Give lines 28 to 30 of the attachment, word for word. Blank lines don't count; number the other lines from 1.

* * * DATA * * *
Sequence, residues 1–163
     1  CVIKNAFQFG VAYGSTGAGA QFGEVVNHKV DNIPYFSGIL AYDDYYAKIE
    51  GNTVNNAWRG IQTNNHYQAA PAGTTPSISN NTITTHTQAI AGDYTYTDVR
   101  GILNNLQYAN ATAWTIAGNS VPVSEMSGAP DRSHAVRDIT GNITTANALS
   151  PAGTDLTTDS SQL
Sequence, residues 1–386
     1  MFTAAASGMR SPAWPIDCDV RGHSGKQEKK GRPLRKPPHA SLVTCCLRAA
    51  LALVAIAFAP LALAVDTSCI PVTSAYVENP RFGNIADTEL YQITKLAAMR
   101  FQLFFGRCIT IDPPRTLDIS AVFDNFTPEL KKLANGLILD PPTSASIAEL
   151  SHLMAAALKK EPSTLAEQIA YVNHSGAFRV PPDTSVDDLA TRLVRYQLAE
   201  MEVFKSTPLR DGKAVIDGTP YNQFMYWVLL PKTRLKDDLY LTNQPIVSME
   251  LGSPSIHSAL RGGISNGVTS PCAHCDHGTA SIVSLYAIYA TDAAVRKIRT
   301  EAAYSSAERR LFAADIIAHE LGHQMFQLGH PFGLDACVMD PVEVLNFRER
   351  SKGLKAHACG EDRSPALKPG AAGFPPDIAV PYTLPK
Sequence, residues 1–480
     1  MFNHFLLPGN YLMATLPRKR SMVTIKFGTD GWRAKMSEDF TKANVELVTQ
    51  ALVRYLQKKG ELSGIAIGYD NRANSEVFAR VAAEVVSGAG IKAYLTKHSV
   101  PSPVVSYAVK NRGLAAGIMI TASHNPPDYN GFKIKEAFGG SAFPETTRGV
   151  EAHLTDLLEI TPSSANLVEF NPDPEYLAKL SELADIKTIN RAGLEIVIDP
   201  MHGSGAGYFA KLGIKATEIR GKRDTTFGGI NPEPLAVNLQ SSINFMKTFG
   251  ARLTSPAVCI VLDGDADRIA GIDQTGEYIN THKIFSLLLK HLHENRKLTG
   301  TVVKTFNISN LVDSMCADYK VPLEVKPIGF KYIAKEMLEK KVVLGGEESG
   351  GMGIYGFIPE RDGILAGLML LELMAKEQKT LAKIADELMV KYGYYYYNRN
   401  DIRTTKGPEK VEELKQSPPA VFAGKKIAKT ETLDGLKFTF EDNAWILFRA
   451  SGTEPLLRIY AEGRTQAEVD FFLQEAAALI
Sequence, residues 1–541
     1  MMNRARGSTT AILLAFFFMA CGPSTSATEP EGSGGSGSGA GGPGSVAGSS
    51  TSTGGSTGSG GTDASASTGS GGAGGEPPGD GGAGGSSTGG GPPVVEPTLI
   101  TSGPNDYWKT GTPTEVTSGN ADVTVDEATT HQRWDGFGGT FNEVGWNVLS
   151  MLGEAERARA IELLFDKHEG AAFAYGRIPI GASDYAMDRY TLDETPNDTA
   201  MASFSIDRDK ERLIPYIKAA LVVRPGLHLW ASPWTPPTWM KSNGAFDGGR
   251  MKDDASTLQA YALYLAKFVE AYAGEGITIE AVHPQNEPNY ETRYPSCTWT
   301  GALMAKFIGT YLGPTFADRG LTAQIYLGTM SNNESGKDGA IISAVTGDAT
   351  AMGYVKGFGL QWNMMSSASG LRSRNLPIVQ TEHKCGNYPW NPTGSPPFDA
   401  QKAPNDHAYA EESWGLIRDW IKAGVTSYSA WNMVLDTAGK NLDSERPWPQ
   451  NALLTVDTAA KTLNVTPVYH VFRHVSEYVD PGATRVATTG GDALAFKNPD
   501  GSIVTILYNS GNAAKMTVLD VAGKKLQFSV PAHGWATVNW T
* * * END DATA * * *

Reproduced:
    51  TSTGGSTGSG GTDASASTGS GGAGGEPPGD GGAGGSSTGG GPPVVEPTLI
   101  TSGPNDYWKT GTPTEVTSGN ADVTVDEATT HQRWDGFGGT FNEVGWNVLS
   151  MLGEAERARA IELLFDKHEG AAFAYGRIPI GASDYAMDRY TLDETPNDTA